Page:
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very much to our present purpose. We must by all means observe what is here said or hinted concerning St. Matthew's and St. Mark's gospels, the Acts of the apostles, some other books of the N. T. and the story contained in the gospel according to the Hebrews.
1. Of St. Matthew's Gospel. 1. Here is an authentic testimony to the genuineness of the gospel of St. Matthew. It was well known in the time of Papias. No one doubted but it was written by him.
2. Papias says, this gospel was written in Hebrew. The same thing we shall hereafter find often affirmed by ancient christian writers. Nevertheless, some very learned men have disputed this. They think succeeding writers have taken this account upon trust from Papias, without duly considering the matter. I think it must be allowed there are not in our Greek gospel of St. Matthew any marks of a translation : but of this I shall say no more here.
3. The particular observation concerning St. Matthew's gospel, that it was written in Hebrew, seems to imply, that it is the only gospel that was originally written in that language. 4. He says, 'every one interpreted it as he was able'
. Which some have thought to be one specimen of this man's weak capacity: for it requires some knowledge in the Hebrew tongue, to interpret a book written in that language.
5. Allowing St. Matthew's gospel to have been written in Hebrew, it does not follow from what Papias says, that there was then no Greek gospel of St. Matthew, or that Papias knew of no such. Papias collected accounts of former things from any persons wbom he thought credible. What he says, therefore, of every one interpreting it as he was able, may relate only to some short time after it was written. All that can be concluded from what Papias says, is, that he thought the gospel of Matthew was writteu originally in Hebrew; and that for some time, till a Greek translation was published, every one interpreted it as he could.
That at the time of Papias, and before, there was extant a Greek gospel of St. Matthew, is apparent from the quotations or allusions of the apostolical fathers, particularly those of Ignatius and Polycarp; there being a great agreement between them and our Greek gospel, not only in sense, but also in the very words.
2. Of St. Mark's Gospel.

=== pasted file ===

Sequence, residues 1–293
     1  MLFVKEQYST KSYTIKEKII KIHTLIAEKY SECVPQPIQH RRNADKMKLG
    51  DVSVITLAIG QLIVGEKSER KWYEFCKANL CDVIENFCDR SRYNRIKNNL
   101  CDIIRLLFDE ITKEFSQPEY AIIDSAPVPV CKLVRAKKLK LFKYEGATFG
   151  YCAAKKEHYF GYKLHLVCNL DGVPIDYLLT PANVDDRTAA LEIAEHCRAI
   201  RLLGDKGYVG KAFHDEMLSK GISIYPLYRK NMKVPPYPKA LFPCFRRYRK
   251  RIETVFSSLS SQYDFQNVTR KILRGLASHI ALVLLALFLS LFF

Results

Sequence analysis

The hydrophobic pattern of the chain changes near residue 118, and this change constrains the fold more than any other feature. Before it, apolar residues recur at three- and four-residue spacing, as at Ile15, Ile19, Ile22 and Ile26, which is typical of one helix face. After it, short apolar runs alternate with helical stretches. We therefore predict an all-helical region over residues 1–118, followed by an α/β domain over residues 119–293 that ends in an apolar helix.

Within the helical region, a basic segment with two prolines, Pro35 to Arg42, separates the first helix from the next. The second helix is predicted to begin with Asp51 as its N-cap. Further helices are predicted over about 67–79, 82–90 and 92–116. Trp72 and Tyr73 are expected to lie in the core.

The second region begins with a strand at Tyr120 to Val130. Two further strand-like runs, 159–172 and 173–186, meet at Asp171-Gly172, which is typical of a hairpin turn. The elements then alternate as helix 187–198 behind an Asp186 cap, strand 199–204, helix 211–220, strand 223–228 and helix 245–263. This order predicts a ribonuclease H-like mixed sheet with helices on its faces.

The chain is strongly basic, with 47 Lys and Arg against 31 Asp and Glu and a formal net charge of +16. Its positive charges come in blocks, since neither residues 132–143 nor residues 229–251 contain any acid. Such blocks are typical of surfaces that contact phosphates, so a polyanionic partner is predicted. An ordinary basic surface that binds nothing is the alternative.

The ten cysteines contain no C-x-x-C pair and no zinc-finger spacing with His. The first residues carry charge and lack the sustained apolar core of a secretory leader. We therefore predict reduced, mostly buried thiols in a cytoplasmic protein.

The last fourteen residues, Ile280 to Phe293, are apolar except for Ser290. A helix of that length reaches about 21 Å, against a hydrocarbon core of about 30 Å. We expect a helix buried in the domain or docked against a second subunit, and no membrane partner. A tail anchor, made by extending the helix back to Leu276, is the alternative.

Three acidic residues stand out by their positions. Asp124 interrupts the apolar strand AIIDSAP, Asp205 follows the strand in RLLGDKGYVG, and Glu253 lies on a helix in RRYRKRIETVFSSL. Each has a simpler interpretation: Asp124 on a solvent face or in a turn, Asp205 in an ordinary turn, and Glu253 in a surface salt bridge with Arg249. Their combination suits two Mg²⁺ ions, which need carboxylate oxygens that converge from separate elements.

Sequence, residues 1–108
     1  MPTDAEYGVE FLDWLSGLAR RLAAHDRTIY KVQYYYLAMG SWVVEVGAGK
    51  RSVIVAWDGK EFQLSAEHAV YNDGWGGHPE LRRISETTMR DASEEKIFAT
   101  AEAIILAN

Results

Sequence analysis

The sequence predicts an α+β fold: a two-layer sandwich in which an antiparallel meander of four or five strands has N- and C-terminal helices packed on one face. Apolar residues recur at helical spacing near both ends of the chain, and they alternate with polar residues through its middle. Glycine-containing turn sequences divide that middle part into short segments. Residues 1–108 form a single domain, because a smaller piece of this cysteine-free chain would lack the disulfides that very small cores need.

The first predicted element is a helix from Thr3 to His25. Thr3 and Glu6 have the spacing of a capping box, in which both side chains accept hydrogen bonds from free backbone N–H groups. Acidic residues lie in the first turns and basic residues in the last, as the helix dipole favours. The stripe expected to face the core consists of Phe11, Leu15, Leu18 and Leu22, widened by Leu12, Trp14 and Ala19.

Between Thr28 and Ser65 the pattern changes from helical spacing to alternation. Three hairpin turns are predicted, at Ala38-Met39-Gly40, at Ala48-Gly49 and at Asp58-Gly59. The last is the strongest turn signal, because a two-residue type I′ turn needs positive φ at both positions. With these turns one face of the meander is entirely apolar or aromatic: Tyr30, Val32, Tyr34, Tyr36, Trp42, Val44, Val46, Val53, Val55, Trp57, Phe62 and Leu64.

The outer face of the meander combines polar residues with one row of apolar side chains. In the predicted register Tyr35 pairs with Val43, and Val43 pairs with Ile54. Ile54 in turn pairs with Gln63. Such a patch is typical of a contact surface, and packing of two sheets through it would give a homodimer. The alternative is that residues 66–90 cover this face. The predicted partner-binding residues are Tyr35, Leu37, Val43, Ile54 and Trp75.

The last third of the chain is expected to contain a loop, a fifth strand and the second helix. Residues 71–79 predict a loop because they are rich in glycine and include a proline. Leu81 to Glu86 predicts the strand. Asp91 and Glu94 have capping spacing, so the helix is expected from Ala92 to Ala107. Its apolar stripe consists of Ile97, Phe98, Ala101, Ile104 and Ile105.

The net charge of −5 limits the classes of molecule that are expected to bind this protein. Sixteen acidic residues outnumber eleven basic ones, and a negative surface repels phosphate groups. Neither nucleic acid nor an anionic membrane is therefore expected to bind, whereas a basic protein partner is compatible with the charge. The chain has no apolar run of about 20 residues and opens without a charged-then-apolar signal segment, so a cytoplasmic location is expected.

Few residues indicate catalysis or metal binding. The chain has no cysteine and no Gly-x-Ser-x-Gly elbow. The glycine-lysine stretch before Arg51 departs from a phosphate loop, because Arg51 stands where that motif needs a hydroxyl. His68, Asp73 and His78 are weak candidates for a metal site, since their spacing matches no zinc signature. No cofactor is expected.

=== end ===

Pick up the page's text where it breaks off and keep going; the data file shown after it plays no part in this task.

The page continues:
1. Here is an authentic testimony to the gospel of St. Mark. What Papias writes concerning it he had received from the presbyter, meaning undoubtedly the presbyter John. The presbyter said, Mark was the interpreter and follower of Peter, and the gospel written by him was composed out of Peter's sermons. And better materials no man could have. Nor could any man, not an apostle himself, have better advantages for writing a gospel, than frequent hearing the apostle, and intimate conversation with him.
2. But we need not be determined absolutely by the judgment of the elder, that Mark did not write in the order in which things were spoken or done by Christ. For though Peter in his sermons might not always deliver things in the order of time in which they happened, nor in each sermon every particular here related; yet there was usually in his sermons some regard to the order of time. And Mark, who long attended on him, and often heard him preach, would certainly be able to put the whole together, when he came to write, very much in the order of time in which things were spoken or done. And if Peter's public instructions had not fully qualified himn for writing a regular history, he had in his conversation with Peter frequent opportunities of making farther inquiries about any matters he doubted of.
3. The presbyter, according to this account, put the credit and authority of Mark's gospel upon its being a true and faithful relation of the preaching, or sermons, of the apostle Peter. This is manifest from every particular there mentioned.